Hi 66 / Lo 55
|Volume 68, Issue 99,
Wednesday, February 19, 2003
Arts & Entertainment
Blame must be put on bands for downfall of local music scene
By Jason Gagnon
A lot of people complain about the lack of support our local music scene receives, and itis true. Itis rare to see any venue filled with people there to check out an entire local bill. Many fans of the underground scene are quick to place blame on the inhabitants of our fair city, but the ones you hear complaining most are the bands themselves. The bands -- maybe theyire where the fault lies after all.
Now, donit think I mean that every band in Houston is whiney and feels that hordes of kids would flock to their shows if they knew anything about music. Quite the contrary, plenty of talented and hardworking bands play in this town because they love music.
Iim referring to those bands who view music merely as a hobby. Those are the ones who cry the loudest when at the end of the night they get paid 20 bucks for a show that the venue lost money on.
My advice is this: if you just want to get laid, stick to playing house parties. If you really care about your music, want people to check it out and want to contribute something to your local music scene, read on.
Many people have trouble grasping the concept of promotion. Just because a club or independent promoter books your band to play doesnit mean that your only obligation is to show up and play. Sure, spreading word about the show falls on the promoteris shoulders -- but not exclusively. Go ahead, make your own flyers and distribute them everywhere you can possibly imagine.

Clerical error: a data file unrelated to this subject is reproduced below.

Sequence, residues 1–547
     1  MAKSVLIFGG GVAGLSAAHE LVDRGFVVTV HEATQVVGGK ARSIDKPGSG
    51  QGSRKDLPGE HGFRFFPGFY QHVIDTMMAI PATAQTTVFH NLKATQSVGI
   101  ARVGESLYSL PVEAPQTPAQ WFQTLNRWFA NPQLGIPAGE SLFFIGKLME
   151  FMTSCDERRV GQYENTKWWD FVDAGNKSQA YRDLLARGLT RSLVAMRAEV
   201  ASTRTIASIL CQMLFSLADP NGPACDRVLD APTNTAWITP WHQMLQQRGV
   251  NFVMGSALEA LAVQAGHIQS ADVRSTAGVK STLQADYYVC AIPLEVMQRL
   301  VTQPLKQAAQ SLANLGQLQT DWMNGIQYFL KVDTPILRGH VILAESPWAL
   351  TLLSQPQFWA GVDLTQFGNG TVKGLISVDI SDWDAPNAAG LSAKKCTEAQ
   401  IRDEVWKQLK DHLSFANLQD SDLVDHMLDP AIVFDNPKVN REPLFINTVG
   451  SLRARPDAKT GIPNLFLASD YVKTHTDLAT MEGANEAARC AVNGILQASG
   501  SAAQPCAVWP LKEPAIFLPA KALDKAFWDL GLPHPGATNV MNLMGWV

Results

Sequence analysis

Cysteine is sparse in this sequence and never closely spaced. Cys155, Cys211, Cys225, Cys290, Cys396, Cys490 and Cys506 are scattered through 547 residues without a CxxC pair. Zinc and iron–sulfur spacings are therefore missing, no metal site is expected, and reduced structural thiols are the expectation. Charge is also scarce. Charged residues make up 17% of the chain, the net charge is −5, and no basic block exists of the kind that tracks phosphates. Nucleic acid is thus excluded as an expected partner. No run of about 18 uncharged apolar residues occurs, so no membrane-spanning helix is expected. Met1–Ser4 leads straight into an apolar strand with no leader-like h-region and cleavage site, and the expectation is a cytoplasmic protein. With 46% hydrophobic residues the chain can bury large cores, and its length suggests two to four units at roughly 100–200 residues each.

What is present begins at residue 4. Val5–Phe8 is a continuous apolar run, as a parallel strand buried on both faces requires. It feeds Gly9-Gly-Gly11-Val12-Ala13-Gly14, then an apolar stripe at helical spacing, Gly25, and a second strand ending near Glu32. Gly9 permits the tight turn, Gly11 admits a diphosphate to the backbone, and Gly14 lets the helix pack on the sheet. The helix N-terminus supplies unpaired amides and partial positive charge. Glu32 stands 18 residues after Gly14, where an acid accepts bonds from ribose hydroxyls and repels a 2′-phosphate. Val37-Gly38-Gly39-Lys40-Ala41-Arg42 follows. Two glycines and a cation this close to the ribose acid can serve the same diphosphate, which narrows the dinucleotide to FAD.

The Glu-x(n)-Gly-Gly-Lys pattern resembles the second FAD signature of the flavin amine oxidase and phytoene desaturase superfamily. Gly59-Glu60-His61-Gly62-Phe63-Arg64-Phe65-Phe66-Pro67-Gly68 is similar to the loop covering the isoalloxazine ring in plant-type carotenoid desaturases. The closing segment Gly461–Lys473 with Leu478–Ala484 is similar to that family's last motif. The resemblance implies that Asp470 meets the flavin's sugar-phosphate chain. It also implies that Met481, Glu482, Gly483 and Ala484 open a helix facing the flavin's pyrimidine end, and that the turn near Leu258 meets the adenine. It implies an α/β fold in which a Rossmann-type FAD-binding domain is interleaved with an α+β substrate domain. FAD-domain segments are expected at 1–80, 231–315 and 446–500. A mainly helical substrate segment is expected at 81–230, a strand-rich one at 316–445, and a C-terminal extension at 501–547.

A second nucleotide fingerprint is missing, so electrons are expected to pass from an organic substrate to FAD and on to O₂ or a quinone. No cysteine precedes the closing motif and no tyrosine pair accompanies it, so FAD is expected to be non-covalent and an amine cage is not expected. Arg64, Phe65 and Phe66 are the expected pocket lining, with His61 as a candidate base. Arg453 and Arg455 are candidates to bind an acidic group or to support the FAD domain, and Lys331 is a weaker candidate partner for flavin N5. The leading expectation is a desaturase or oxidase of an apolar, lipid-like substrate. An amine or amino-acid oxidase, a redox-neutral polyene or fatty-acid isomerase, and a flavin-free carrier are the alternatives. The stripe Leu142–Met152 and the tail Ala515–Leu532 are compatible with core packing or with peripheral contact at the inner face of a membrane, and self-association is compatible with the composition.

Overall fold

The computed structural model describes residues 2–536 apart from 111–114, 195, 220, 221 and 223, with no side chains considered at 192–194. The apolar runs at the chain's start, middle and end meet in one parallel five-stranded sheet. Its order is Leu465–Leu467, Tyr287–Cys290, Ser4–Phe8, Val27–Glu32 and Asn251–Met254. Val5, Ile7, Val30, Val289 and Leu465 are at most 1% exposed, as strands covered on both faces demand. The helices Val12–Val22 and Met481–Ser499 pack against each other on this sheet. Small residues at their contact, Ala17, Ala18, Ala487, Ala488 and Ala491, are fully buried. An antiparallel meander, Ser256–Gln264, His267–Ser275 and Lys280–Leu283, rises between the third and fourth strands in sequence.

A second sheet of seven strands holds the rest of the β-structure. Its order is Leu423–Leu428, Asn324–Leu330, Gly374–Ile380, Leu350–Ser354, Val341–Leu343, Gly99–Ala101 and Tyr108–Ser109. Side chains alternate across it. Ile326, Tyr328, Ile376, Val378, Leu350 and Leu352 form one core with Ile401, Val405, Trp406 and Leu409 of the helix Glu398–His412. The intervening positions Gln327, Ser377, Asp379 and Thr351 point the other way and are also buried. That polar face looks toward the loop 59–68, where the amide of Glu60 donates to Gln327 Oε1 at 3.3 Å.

Many bands have a problem keeping the audienceis attention when they play. If your bandis performance leaves the crowd asking themselves why they didnit just stay at home listening to the CD, you might want to consider livening things up. Remember, this is rock ini roll; itis supposed to be dangerous and exciting, not boring. If youire not getting into your own songs, why should anyone else?
Finally, the music you play has a lot to do with the turnout at your shows. Every time thereis a new trend in music, fifty bands in town decide to ape it thinking that if people listen to it on the radio theyill be happy to hear a lesser version in their own backyard. Wrong! Originality counts for a lot and is sure to bring more people to your shows. If youire doing something no one else in town is doing, you have a better chance of building a fan base than all the horrible rap-metal crap in town (Iim looking at you, Given).
If the above advice doesnit help you out maybe your band just sucks.
Junior English major Jason Gagnon can be reached at firstname.lastname@example.org.
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